The state found a number of deficiencies, including two described as a failure to "meet the dignity of each resident." The online survey did not specify their exact nature. Other deficiencies found in three recent surveys included the failure to develop comprehensive care plans for some residents.

The nursing home president, identified in public records as Frank Romano Jr. of Rowley, did not immediately return a call seeking comment.

The family, including her three adult grandchildren, took her out for lunch and went shopping for winter clothes the day before she died and she was in good health and spirits, he said. She also loved trips to the library. She used to read a book a day, but had recently cut back to two a week, her son said.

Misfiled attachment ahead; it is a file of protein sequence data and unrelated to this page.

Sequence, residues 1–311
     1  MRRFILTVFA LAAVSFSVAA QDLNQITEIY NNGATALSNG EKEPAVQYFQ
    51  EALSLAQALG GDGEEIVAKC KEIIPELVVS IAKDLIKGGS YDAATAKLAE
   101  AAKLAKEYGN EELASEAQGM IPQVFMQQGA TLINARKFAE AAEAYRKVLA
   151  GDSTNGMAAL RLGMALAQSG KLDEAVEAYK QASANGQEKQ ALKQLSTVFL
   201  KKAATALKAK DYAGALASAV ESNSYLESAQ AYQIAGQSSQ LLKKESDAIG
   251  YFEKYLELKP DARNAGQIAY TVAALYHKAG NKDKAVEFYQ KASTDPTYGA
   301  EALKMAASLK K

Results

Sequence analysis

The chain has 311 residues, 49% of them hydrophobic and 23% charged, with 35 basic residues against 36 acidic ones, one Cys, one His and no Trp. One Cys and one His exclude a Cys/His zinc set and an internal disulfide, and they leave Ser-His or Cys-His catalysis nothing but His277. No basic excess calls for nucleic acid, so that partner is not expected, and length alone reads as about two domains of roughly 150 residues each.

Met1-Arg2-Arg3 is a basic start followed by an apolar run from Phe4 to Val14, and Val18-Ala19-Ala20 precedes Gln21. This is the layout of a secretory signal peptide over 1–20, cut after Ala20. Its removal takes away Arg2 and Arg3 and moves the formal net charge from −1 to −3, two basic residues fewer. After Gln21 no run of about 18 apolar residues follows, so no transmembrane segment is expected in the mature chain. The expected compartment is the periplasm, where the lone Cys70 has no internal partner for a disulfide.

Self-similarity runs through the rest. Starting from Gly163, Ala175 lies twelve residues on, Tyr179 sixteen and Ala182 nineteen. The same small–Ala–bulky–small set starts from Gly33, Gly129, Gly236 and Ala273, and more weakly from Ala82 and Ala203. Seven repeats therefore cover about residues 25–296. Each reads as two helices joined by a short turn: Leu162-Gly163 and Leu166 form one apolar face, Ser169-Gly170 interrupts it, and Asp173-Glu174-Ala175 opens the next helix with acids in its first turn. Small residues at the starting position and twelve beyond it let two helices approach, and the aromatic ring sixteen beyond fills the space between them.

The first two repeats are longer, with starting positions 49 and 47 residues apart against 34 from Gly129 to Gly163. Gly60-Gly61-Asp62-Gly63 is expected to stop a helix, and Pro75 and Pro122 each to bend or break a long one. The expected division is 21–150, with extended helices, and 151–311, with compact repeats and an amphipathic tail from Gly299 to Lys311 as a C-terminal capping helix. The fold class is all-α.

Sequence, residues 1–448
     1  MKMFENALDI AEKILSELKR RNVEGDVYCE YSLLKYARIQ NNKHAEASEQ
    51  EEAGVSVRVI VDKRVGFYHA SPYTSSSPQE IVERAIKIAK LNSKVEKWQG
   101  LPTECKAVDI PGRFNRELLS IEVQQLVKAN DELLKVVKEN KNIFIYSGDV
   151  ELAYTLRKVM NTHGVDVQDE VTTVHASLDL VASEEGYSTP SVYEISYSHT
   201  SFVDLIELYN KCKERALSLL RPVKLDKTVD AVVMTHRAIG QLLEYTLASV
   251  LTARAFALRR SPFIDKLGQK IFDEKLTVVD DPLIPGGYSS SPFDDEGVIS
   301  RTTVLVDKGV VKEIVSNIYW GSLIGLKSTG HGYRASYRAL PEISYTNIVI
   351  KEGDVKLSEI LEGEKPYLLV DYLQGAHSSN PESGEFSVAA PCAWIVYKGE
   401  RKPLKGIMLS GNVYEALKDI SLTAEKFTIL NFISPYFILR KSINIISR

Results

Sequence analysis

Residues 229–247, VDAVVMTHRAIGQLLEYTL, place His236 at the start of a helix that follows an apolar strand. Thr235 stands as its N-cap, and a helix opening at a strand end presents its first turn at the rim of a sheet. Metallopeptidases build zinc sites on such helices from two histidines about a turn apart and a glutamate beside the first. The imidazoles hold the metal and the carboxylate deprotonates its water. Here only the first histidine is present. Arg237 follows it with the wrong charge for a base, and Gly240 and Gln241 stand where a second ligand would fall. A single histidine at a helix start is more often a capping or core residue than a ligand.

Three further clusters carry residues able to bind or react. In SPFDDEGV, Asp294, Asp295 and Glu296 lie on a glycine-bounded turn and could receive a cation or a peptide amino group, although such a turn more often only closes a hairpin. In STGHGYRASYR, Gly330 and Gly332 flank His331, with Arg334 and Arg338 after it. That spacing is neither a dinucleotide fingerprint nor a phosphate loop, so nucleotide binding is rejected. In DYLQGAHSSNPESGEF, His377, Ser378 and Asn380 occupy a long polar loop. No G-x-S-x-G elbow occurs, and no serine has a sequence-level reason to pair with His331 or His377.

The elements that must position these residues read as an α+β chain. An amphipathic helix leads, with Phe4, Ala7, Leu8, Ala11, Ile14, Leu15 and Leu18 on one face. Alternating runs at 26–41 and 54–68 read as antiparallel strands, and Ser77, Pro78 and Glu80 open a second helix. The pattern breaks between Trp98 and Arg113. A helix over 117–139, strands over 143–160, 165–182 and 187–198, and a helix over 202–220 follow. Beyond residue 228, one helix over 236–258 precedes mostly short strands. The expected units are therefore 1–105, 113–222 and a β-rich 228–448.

She celebrated her 100th birthday on Aug. 21 with a cookout at her son's home when her grandaughter made one of her favorite dishes, baked stuffed shrimp.

Barrow said his mother was born and grew up in New Bedford before moving to nearby Dartmouth in the 1940s. Dartmouth is about 50 miles south of Boston.

When she was in her 20s, Barrow said his mother was a teacher in the New Bedford Textile School, and was dubbed "Miss Rayon" by the New Bedford Rayon Co. As the official representative of the company that manufactured the new miracle fabric used in the city's tire industry, she traveled all over New England and New York.

She worked for Bishop Stang High School and the Dartmouth public schools for about two decades as a cafeteria worker, where she was known as the "Dessert Lady," he said.

"Kids would buy the lunches just to get the dessert," he said. "When she made apple crisp, it would be a complete sellout."